Here is a practical method of Erythrocyte Sedimentation Rate (ESR) which is a valuable test to detect the presence of inflammation in the body.

This test is measurement of the rate at which the red blood cells of a blood sample settles down in a vertical narrow-graduated glass tube (Westergren’s pipette or Wintrobe’s tube/Haematocrit tube) (usually in one hour).

This test is an easy to perform, widely used and less expensive.


At the end of the practical, you should be able to:

  1. Understand the clinical importance of ESR.
  2. Describe the reason of red blood cells settling down in a tube.
  3. Know the factors that affect the sedimentation rate of RBCs.
  4. What are the sources of errors and what precautions can be taken?
  5. Remember the various physiological and pathological conditions in which ESR gets increased or decreased.

To understand this, you need to know about the suspension stability of red blood cells.

  • Blood is a colloid in which RBCs (Red Blood Cells) are suspended.
  • In normal condition, the RBCs and plasma do not separate out because blood keeps mixing continuously (due to circulation).
  • When blood is drawn out of the body, blood cells do not separate out easily due to its viscosity.
  • To find out the suspension stability of RBCs the blood is made to stand in a column without disturbing.
  • So, it will leave clear fluid on top which is known as supernatant that is equal to plasma.
  • Supernatant is separated because RBCs settle down or we can say sediments so, this test is known as Erythrocyte Sedimentation Rate.

It might have come in your mind that,

Why RBCs settle down?

Two reasons are there which are responsible,

  1. Forces that pull the RBCs to settle down: Weight to surface ratio and downward Gravitational force.
  2. The factor that does not allow RBCs to settle down and pushes up: Viscosity of plasma (If the fluid is thicker, the object do not settle down).

So, the push and pull factors decides the suspension stability or Sedimentation Rate of Red Blood cells.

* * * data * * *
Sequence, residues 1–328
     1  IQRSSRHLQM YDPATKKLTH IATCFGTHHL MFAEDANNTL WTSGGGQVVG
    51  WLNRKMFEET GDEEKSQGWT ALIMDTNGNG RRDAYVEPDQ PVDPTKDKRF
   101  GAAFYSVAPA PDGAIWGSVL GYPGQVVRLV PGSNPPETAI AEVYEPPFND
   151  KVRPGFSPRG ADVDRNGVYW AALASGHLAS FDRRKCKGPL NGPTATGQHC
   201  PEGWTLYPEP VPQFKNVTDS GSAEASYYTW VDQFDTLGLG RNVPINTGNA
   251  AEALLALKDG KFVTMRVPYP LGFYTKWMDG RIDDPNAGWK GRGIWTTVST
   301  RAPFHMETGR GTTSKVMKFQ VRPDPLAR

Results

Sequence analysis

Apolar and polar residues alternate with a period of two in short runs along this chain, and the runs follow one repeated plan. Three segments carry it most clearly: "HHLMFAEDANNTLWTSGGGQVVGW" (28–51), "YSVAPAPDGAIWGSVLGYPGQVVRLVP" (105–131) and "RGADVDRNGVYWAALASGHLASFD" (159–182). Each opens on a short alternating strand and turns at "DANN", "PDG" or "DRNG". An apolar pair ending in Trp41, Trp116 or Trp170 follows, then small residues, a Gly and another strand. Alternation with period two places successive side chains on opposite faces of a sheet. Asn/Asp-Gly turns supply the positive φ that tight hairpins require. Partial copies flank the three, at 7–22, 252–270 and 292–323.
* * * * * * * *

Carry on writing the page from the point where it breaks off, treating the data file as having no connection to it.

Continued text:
(Example: Imagine the viscosity of following fluids in increasing order. PETROL—KEROSINE—WATER—OIL—MERCURY)


In the circulating blood the red cells remain uniformly suspended in the plasma.

However, when a sample of blood to which an anti-coagulant has been added, is allowed to stand in a narrow vertical tube.

The red cells being heavier than colloid plasma, settle or sediment gradually towards bottom of the tube.

The rate at which red cells sediment is called as Erythrocyte Sedimentation Rate which is recorded at the end of one hour in millimetre.


  1. Westergren’s method
  2. Wintrobe’s method


  1. Westergren’s pipette (for Westergren’s method)
  2. Wintrobe’s tube (for Wintrobe’s method)
  3. Pasteur pipette
  4. Westergren pipette stand/ Wintrobe tube stand
Wintrobe tube and westergrens pipette

Westergren’s pipette (for Westergren’s method)

  • It’s 300 mm long glass pipette with a bore diameter of5mm.
  • It is calibrated in cm and mm from 0 to 200 from above to downwards in its lower two-third.
  • Lower mark is 180 mm.
  • It is known as pipette because it’s both ends are open.
  • The higher sensitivity and the long tube are particularly important in cases where ESR is high (>80).
  • Blood sample is venous blood using trisodium Citrate (3.8%) as an anti-coagulant.

Wintrobe’s tube/Haematocrit tube (for Wintrobe’s method)

  • It is 11 cm long, heavy, cylindrical glass tube.
  • It has uniform bore with the diameter of 2mm.
  • Its lower end is closed and flat.
  • The tube is calibrated in cm and mm from 0 to 10 cm from above downwards on one side of the scale for ESR reading.
  • Whereas 10 to 0 cm on other side for Packed Cell Volume (PCV) reading.
  • Blood sample is venous blood using Ethylene diamine tetra acetic acid (EDTA) as an anti-coagulant.

Pasteur pipette

  • It is 8-10-inch glass tube drawn to a long thin nozzle with a rubber teat.
  • Nozzle is about 14 cm long.
  • Rubber teat is used to suck blood into pipette by a slight pressure.